A Voice for the Community: Gerald ‘Mike’ Kuhn Draws from Past to Serve Omaha

Above Gerald “Mike” Kuhn’s office desk sits his favorite quote – “You can’t play the game if you’re not in it,” said by Franklin T. Thompson, the city’s former Director of Human Rights and Relations who retired in July.

“That relates to – you can’t be a decision maker if you’re not at the table, you can’t not read the right position, you can’t have an effect on the game,” he said.

From Kuhn’s experience playing basketball to his current position as the assistant director of human rights and relations for the city of Omaha, he has become a playmaker for his community.

Moving to Omaha in the sixth grade, Kuhn began playing basketball at Omaha Central High School, which eventually led him to play collegiate basketball at Hampton University of Virginia before transferring to Kentucky State University where he earned his bachelor’s degree. 

After graduating from Kentucky State, Kuhn moved to Detroit and began work as a juvenile probation officer. From there, he went on to get his master’s degree at Marygrove College, which allowed him to begin working with a variety of different people.

“I got tired of locking the same kids back up, so I got my master’s degree and then I started working with a bunch of different populations like juvenile justice, foster care youth, with a therapist for adults, NGI (clients not guilty by reason of insanity) — and I just worked with a host of people in the community.”

Despite initially moving to Detroit for work, Kuhn was drawn back to Omaha.

“I want to give back to the community where I grew up, and I feel like growing up in Omaha really helped me find my way as far as playing basketball in north Omaha and really helped me develop who I am today,” he said.

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This diverse experience gave Kuhn what he describes as a “well-rounded view of people in the community,” which helps him in his current role.

Helping the Community

Working with the city of Omaha, Kuhn has had the opportunity to implement new programs for the city, like the Restorative Justice Program, which is a partnership with the Omaha Police Department, the Human Rights and Relations Department, and the city of Omaha Prosecutor’s Office.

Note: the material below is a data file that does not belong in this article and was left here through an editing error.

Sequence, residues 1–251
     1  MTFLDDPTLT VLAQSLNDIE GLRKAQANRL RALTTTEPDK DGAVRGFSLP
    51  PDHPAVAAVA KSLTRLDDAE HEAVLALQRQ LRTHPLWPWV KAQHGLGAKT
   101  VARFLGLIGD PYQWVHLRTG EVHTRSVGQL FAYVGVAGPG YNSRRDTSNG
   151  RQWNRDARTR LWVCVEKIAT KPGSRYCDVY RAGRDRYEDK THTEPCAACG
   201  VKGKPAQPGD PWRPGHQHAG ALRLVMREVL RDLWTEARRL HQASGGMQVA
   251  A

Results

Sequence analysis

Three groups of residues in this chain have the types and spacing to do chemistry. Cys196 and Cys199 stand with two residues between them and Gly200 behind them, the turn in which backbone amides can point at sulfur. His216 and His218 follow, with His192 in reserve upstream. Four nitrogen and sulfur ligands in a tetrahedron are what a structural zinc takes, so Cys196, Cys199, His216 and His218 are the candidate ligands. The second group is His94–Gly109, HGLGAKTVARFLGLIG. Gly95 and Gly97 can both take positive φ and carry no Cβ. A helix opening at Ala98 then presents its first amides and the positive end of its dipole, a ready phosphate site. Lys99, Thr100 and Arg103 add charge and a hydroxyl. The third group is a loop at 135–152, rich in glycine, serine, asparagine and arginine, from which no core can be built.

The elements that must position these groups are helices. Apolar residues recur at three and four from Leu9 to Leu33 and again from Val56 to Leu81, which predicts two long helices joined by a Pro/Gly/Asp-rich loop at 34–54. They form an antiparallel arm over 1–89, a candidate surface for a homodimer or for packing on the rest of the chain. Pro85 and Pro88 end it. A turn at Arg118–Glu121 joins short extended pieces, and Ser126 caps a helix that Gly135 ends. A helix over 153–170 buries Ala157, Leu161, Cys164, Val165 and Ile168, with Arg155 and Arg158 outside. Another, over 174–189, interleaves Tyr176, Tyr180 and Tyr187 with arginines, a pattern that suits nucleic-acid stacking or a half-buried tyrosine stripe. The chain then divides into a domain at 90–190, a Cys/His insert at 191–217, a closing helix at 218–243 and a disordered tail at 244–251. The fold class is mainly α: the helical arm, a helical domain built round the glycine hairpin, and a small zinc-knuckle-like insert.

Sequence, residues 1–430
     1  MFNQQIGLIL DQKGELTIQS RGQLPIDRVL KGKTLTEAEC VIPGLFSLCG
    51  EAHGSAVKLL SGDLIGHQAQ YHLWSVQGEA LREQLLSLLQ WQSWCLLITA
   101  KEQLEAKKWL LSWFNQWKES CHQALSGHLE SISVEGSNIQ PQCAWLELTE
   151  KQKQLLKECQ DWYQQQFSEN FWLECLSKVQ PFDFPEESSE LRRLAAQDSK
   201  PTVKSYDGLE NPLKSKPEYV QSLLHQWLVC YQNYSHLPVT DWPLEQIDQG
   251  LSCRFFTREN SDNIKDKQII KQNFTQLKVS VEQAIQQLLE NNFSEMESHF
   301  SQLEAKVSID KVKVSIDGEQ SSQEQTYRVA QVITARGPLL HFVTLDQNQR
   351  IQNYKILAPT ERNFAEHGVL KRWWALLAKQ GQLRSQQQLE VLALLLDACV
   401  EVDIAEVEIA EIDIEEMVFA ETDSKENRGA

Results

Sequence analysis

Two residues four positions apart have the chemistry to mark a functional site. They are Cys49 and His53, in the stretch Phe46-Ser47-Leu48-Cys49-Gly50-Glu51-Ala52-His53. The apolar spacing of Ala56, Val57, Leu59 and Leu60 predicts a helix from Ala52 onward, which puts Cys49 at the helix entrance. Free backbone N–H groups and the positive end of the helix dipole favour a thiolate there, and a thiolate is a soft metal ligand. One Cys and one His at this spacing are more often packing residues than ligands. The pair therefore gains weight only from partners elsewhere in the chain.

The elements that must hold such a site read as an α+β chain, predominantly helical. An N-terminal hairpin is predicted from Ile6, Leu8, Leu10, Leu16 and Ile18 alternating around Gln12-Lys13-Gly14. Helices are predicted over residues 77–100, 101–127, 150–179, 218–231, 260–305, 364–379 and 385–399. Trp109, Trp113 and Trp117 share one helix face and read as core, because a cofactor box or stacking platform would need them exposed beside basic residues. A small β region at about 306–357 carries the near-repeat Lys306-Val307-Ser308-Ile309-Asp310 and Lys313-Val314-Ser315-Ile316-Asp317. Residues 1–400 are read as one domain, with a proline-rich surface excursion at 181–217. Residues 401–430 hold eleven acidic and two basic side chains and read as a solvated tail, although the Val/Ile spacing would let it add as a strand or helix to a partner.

The Restorative Justice Program offers diversion for minor offenses and was implemented after the civil unrest of 2020.

“I really like that partnership because I think we have a great opportunity to be able to move the needle as far as justice is concerned as far as bridging the gap of communication and trust between community and law enforcement and between law enforcement and community,” he said.

Kuhn also started a nonprofit that allows Omaha residents to donate basketball shoes that go to people interested in the sport who cannot afford them.

“I’ve lived a lot of places and I’ve never seen people with the heart to give and just to help other people like I see in Omaha, Nebraska,” he said. “So that’s what keeps me going.”

Moving Ahead

Kuhn’s long-term goals include being the mayor of Omaha one day. For the time being, he is focused on raising his family and serving Omaha in a way that gives everyone a voice.

“I know what it’s like to come from humble beginnings in poverty,” Kuhn said. “I also know what it’s like to be on the other side of the coin and be the upper middle class. And I don’t think that a person can truly be a leader for everyone if they don’t know the bitter and the sweet.”

Kuhn is always working to set and meet new goals and advises others that “if you know the potential of something, keep heading for it, accomplish that goal, and do not let anyone else in between.”